March 29, 2012

I Saw Jodie Foster's Beaver...

I have long admired Oscar winner Jodie Foster, who hasn't appeared much on screen in recent years except in crap like The Brave.

As her movies sink quietly, Foster lost some respect as she stood by Mel Gibson, the homophobic misogynistic anti-Semitic superstar who got into all kinds of trouble over the past few years.

Last year Foster released The Beaver, which she directed and costars in. The movie was controversial, mostly due to Gibson starring, and also due to is name, and its unusual subject matter. It bombed in theatres and is now available on Video on Demand (VOD).

In The Beaver, a troubled husband and executive adopts a beaver hand-puppet as his sole means of communicating. Walter is a depressed guy who after failed suicide attempts to distance himself from his pain by communicating through the beaver which he imaginatively names "The Beaver". Foster is his passive doormat wife who was kicking him out until he crossed into the puppet zone and then weirdly takes him and the talking puppet back. Uh... why?

Walter's beaver strategy works at first, as it jumpstarts Walter's marriage, sex life and work life. Why? It didn't make sense to me, and the movie didn't give me info enough or make me care enough to believe. And really who needs to see Jodie Foster, Mel Gibson, and a puppet in bed together? Or in a shower? Trust me, that is a three-way no one wants.

The movie's one interesting subplot features Star Trek's Anton Yelchin as the couple's nerdy son and Hunger Games' Jennifer Lawrence as the cool girl at school he falls for. They come across as real teens with real issues. And they are 100% puppet-free!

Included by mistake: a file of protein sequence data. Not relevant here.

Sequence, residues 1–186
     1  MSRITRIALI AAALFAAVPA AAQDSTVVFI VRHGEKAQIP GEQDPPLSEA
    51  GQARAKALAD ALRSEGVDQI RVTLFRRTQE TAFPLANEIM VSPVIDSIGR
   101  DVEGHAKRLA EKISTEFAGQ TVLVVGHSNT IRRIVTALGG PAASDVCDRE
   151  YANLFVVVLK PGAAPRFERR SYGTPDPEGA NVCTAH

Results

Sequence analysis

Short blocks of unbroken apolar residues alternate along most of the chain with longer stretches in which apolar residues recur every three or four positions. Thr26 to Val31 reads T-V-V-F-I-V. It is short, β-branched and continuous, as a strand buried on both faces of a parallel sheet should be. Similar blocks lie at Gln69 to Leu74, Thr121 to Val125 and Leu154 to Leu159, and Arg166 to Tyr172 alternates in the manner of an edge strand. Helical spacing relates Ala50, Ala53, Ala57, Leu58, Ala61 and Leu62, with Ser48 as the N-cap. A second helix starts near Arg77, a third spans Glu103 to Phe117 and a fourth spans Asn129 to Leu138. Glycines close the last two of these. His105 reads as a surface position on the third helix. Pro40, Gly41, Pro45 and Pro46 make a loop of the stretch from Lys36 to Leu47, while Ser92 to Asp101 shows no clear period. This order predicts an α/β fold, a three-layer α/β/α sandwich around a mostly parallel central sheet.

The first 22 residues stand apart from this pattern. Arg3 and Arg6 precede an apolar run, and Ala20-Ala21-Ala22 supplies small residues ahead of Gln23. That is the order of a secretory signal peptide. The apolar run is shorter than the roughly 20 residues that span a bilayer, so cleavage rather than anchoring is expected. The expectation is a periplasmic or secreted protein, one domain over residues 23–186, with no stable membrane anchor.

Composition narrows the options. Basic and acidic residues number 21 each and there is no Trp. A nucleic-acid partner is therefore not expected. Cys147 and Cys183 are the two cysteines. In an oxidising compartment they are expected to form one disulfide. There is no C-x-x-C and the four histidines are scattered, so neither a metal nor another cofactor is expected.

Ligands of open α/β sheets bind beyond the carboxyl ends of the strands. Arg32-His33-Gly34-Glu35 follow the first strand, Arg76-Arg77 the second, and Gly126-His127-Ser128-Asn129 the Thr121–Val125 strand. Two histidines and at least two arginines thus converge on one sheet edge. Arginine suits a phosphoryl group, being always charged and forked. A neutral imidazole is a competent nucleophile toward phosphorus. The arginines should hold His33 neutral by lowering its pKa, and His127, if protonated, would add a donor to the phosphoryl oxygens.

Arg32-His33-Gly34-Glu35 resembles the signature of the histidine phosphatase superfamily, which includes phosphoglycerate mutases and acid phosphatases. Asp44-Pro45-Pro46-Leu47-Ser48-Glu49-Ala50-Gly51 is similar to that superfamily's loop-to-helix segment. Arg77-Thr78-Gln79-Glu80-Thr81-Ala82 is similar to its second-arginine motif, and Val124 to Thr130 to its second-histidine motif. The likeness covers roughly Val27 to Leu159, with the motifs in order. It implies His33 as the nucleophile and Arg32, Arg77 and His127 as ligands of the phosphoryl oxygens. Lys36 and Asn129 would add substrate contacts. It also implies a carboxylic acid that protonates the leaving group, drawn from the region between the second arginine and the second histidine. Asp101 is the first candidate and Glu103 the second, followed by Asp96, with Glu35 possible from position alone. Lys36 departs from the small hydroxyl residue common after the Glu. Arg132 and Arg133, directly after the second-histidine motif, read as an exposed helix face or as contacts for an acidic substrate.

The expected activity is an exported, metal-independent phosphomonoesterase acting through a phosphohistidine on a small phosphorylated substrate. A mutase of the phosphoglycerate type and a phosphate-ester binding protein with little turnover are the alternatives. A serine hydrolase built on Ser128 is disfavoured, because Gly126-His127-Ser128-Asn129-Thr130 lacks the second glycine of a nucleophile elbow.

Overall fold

This movie didn't fly, and it wasn't just the Mel Gibson is an asshole thing. The main character is not sympathetic, he is kind of a douche, and Foster has totally miscast herself as a passive wallflower. When the troubled Walter suddenly becomes a pop culture phenomenon, appearing in GQ and on The Daily Show, I had to wonder if they are laughing at him or is he actually striking a nerve somehow? Not only does the film not answer these questions, it skates over the whole thing.

And did I mention the puppet is mean? Like verbally abusive mean. And in one scene sort of physically abusive. And it has a bad Downton Abbey wannabe accent.

The best dramas have you care about the characters, and balance out the tragedy with some levity. Aside from the troubled teens, who Foster the director really seems to have a feel for, I didn't care about these characters, and there was no levity at all. This may have worked under a better director with a better screenplay... or maybe not.

If you are looking for a movie on VOD this weekend, skip The Beaver; see The Descendants or What's Your Number? instead.

And seeing as I chose this one, I need ideas... what should I watch next?